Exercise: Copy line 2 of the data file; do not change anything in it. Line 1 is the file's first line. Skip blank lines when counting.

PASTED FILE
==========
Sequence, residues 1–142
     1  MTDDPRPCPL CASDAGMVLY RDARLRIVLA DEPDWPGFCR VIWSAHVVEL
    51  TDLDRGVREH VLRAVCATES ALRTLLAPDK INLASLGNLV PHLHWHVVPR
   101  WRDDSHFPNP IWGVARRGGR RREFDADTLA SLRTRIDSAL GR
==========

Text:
     1  MTDDPRPCPL CASDAGMVLY RDARLRIVLA DEPDWPGFCR VIWSAHVVEL